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Gardens of the Moon - Steven Erikson This. This right here. This book is everything I expect from a fantasy novel.

The author's rather intimidating introduction (Bantam edition) notwithstanding, this book has neither a too difficult plot to follow nor does it require excessive reference to the dramatis personae or the maps. Both help, but the plot is straightforward even where it is mysterious, and it hammers along at a pace that sweeps you up and takes you with, whether you like it or not. The worldbuilding is awesome - as you'd expect from a role-player of old.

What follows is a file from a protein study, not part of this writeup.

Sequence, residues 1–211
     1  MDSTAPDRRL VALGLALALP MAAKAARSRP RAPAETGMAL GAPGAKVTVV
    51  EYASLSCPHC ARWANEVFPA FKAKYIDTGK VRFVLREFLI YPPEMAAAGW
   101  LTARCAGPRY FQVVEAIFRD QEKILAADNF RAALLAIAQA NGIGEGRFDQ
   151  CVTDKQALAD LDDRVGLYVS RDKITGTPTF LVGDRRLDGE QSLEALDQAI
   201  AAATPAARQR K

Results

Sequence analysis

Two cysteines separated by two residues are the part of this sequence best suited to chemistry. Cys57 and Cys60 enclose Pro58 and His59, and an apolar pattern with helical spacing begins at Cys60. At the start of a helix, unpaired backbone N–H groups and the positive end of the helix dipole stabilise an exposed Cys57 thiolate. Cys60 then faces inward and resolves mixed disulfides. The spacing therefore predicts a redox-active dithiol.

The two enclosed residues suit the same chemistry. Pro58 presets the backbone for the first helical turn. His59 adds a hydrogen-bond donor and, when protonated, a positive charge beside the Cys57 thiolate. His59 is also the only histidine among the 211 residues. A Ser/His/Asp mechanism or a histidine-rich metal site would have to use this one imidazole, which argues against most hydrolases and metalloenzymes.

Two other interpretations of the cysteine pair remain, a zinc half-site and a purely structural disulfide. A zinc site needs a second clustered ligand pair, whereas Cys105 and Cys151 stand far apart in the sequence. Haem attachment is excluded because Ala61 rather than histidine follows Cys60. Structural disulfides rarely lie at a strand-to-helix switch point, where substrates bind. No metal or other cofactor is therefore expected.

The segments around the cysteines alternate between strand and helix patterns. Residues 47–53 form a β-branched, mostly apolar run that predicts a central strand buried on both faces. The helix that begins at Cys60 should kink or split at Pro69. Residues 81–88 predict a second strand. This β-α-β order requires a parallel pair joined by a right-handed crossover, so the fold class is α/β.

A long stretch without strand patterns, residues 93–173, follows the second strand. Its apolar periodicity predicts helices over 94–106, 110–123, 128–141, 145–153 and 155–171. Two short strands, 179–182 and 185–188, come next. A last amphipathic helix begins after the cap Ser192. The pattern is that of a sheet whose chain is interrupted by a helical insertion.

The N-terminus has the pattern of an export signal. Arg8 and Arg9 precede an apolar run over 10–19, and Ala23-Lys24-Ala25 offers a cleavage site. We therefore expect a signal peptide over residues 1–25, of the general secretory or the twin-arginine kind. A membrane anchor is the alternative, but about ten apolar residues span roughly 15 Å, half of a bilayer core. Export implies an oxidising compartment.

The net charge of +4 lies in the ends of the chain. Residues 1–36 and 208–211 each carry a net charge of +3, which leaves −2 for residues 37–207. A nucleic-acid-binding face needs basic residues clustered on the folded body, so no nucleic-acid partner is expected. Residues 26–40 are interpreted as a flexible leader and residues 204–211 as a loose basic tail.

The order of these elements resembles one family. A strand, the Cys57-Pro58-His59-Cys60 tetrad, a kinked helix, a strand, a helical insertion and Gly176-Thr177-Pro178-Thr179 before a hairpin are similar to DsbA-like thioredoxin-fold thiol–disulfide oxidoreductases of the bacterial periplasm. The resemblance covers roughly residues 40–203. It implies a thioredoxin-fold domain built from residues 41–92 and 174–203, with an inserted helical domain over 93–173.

Erikson displays a knack for names I have frequently wished upon other authors - Brian Ruckley, I'm looking at you - a quality that makes his actors instantly memorable and facilitates following the various strands of the plot without too much difficulty. (I give you Crokus! Uncle Mammot! Sorry!!! Fabulous.)

There's a lot of history in the book - but it's cool history, full of legend and myth and blood and gods, which makes it so much part of the plot that it didn't feel like exposition or the dreaded info-dump to me.

I couldn't begin to summarise it. Suffice it to say that I tore through it and immediately got Deadhouse Gates, which had me at "Prologue".

Many many thanks to my good friend and fellow SFF reader Jana, who is single-handedly responsible for my picking up this series. I owe you!